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On the early side of the street

When a baby ignores the due date and surprises you

By the 30th week or so of pregnancy, most mothers-to-be probably wonder whether their babies will ever arrive. They usually will be kept waiting seven or eight more weeks, since term is defined as being from the 37th to the 42nd month of pregnancy. But between 6 and 8 percent of babies in the United States are premies, which means that they are born somewhere between the 20th and 37th week of pregnancy. According to the American College of Obstetricians and Gynecologists, preterm delivery is "the single most important problem of pregnancy."

Thanks to advances in medical technology, even babies born as early as 25 weeks can sometimes be nurtured in a hospital incubator while the infant's body systems develop outside the womb, but breathing problems, brain damage, infection, and intestinal difficulties can all befall a preterm newborn.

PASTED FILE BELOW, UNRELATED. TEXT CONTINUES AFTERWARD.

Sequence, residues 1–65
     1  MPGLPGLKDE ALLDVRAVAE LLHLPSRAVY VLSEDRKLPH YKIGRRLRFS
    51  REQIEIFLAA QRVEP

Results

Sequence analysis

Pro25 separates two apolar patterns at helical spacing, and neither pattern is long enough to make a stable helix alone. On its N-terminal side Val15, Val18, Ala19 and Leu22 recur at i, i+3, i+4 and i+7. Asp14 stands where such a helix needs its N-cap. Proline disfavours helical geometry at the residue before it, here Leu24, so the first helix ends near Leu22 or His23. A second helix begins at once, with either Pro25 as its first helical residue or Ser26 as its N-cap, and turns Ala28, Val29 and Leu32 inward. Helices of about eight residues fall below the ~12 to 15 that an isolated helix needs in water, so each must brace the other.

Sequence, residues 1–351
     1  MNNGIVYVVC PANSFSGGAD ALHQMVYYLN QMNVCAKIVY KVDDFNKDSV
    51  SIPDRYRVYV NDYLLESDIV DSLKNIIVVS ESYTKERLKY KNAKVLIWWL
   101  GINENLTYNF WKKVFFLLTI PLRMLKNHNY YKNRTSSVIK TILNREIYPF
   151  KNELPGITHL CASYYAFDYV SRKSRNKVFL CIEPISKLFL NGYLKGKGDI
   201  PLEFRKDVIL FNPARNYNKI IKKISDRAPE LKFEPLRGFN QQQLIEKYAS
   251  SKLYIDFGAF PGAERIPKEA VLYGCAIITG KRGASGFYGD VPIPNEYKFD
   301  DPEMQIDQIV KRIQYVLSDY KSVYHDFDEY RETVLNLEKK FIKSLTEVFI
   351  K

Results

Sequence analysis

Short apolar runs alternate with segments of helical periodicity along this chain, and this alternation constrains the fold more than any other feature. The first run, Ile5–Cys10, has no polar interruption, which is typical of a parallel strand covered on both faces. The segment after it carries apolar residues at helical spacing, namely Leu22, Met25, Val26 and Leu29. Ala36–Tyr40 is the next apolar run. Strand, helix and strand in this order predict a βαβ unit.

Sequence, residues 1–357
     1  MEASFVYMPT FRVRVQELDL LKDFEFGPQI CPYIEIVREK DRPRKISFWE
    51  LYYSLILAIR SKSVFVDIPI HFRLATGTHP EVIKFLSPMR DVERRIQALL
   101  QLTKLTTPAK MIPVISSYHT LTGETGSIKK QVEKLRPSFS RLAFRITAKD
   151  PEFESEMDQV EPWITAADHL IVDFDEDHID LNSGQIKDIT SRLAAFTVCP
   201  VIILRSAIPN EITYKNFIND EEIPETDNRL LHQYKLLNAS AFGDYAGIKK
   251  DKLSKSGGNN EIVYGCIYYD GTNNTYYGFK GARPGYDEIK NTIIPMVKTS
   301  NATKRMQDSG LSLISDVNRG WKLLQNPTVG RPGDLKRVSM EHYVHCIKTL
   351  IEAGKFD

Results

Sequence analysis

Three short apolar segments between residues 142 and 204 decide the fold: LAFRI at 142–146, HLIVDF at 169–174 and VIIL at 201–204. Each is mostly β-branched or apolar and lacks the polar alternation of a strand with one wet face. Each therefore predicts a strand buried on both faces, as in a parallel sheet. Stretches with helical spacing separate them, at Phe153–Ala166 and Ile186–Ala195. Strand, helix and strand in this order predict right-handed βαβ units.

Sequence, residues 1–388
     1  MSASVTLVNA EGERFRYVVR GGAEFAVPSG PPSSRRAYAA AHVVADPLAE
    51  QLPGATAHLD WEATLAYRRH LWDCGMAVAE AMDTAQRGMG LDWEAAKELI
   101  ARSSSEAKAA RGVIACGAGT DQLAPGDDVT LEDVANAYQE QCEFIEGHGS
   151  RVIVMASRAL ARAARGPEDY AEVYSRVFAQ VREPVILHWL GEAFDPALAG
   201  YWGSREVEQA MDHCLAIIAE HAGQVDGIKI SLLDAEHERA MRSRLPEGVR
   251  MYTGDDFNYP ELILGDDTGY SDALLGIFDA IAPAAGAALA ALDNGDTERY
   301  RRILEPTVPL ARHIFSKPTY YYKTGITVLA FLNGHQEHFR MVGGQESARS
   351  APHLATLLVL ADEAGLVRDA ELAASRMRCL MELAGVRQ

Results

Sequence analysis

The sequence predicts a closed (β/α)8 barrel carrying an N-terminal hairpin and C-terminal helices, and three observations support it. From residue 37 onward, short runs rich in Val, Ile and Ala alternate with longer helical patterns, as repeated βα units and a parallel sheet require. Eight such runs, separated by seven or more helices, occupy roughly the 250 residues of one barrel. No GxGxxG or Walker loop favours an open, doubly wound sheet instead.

The cause of preterm delivery is poorly understood, but the threat appears higher in women with poor prenatal care. Women are also at heightened risk if they have: a history of preterm birth in prior pregnancies; a history of having several induced abortions; multiple pregnancy; uterine abnormalities such as a poorly formed cervix or fibroids; abdominal surgery; an infection; bleeding in the second trimester; an underweight condition; placenta previa (the placenta lies low in the uterus, partly or completely blocking the baby's exit through the cervix); early rupturing of membranes; high blood pressure or a chronic illness.

Rupturing of the membranes is an obvious sign that preterm labor may soon begin, but the signals are often much more difficult to discern. A change in vaginal discharge, pelvic or lower abdominal pressure, a low-grade backache, and abdominal cramps and contractions can often disguise preterm labor.

To stave off preterm birth, doctors may recommend bedrest, the consumption of extra fluids by mouth or intravenously, and in some cases drugs to inhibit uterine contractions. Before doing so, however, the doctor must conclude that delaying labor will pose no harm to either mother or fetus, which, in some cases, it might.

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Updated on October 8, 1995